No case in Illinois construing this section has been called to our attention, except that of Ullsperger v. Meyer, 217 Ill. 262, which does no more than refer to the section, because the memorandum involved therein expressly set out the consideration to be paid. Section 3, as written, is easy to apply in contracts involving debts or defaults of another, or those regarding the sale of personal property, because of the adoption of the Negotiable Instrument and Sales Acts, as well as the ability to establish consideration by number or amount, where there is a market value which is presumed the amount paid, where no price is specified. It might even be easily applied in rental contracts where the reasonable rent may be ascertained, or in cases where the rental is fixed by law, but it becomes difficult in its application and effect when it is applied to contracts relating to the sale of real estate, where in the great majority of cases there is no reasonable or fixed value which can be applied to the sale of a given tract of land, because it may vary in value, depending upon a great number of circumstances that make lands desirable or salable.
While the rule of Wain v. Warlters is adopted in perhaps a majority of the States, it is to be observed that most of them do not have a provision similar to section 3 of our Statute of Frauds. Such a provision, or one similar *368thereto, has been enacted in few of the States, and the construction placed upon it in such States will be helpful in construing' our statute, where its construction becomes directly involved. We have a general rule of construction which comes to our aid, and that is, in enforcing a contract for the sale of real estate the agreement or memorandum may not lay partly in writing and partly in parol. Its essential terms must be wholly in writing. Crocker v. Smith, 366 Ill. 535; Stein v. McKinney, 313 Ill. 84; Kopprasch v. Satter, 331 Ill. 126; London v. Doering, 325 Ill. 589; Wright v. Raftree, 181 Ill. 464; Weber v. Adler, 311 Ill. 547.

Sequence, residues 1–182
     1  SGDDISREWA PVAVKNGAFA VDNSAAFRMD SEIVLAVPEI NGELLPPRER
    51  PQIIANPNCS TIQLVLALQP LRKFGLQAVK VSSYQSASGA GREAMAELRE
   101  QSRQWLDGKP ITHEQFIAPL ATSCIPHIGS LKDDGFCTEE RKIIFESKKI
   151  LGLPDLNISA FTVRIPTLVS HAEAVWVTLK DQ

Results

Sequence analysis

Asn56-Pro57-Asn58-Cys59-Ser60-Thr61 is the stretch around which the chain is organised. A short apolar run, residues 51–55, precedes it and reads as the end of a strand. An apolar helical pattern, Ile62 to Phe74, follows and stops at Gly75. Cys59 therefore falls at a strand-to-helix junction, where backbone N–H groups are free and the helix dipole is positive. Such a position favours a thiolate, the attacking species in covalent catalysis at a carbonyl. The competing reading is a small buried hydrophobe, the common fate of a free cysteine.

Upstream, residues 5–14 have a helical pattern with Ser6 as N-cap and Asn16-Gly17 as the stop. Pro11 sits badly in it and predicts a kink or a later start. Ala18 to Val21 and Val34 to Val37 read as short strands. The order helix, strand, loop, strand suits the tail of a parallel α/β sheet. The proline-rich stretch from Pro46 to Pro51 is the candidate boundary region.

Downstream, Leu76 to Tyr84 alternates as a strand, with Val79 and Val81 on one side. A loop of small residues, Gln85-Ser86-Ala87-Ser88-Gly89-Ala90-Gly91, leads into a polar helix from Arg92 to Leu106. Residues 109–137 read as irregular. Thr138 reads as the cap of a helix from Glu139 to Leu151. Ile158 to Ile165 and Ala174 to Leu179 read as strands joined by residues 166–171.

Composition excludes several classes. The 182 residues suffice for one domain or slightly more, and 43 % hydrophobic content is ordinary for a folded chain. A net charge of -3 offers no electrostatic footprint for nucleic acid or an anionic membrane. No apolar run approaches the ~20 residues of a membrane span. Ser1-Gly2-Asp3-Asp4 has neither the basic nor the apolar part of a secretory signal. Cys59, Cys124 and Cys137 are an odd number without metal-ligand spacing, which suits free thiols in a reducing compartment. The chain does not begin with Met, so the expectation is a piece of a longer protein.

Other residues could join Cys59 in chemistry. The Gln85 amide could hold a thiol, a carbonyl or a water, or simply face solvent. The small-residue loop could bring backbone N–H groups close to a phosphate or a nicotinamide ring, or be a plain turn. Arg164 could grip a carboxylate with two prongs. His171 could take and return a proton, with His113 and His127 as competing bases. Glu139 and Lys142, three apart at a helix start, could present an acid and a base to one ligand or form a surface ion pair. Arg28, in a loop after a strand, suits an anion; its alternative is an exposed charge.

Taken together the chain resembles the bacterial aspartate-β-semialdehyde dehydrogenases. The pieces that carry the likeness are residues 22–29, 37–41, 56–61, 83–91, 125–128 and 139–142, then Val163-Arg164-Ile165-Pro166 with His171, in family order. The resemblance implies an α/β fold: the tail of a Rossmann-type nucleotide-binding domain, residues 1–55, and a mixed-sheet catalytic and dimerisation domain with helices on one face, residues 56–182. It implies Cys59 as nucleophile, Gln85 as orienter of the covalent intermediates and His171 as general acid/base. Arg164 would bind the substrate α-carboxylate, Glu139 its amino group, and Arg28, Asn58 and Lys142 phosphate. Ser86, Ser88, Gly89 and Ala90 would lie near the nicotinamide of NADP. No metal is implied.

In the instant case, we have a situation where beyond question the price was agreed upon. The price feature is claimed to have been improperly placed in the memorandum so that the contract, as the appellees contend, now becomes a mere statement to sell, without fixing any consideration. The rule laid down in Browne on the Statute of Frauds, section 376, is: “The memorandum must contain the express stipulations of the contract. Thus, it must contain the price agreed upon to be paid for property sold where the contract contained a stipulation as to price, and when the memorandum states one price, no recovery can be had if it be shown that the parties had really agreed for another ; for the true contract is, as to one of its essential elements, left unsupported, the memorandum being shown to be not an accurate statement of the contract which the parties made.” This statement is sustained by many of the older authorities.
In 27 C.J. 284, it is stated that where the parties have stipulated as to the purchase price, it is an essential term which must be included in the memorandum, but it need not be recited in the writing, where the parties have not named a price. The cases from other States, where this point has been raised, sustained the statements of these texts. (See: Stewart v. Cook, 118 Ga. 541, 45 S.E. 398;
*369 Stapleton v. Muscogee Guano Co. 29 Ga. App. 199, 114 S.E. 906; Burlington Grocery Co. v. Lines, 120 Atl. (Vt.) 169; Hanson v. Marsh, 40 Minn. 1, 40 N.W. 842.) In Mueller Furnace Co. v. Battin Stove Supply Co. 79 Col. 418, 246 Pac. 272, where the point was specifically involved, the court comments: “The case depends entirely upon whether the price or consideration was fixed at the time of the oral contract. If it was fixed * * * the plaintiff in no event may recover, because the price being fixed it was an essential part of the agreement, and must under the authorities have carried into the memorandum.” The same has been held in Michigan, where a statute similar to ours is in force. James v. Muir, 33 Mich. 223.
And in Reid v. Diamond Plate-Glass Co. 85 Fed. 193, C.C.A. 6th. Cir., construing the Michigan law, it was held that it established two things : (1) That an executory contract must contain the price, when the price is agreed upon; and (2) that the written contract cannot be changed or varied in any of its terms by a subsequent parol agreement.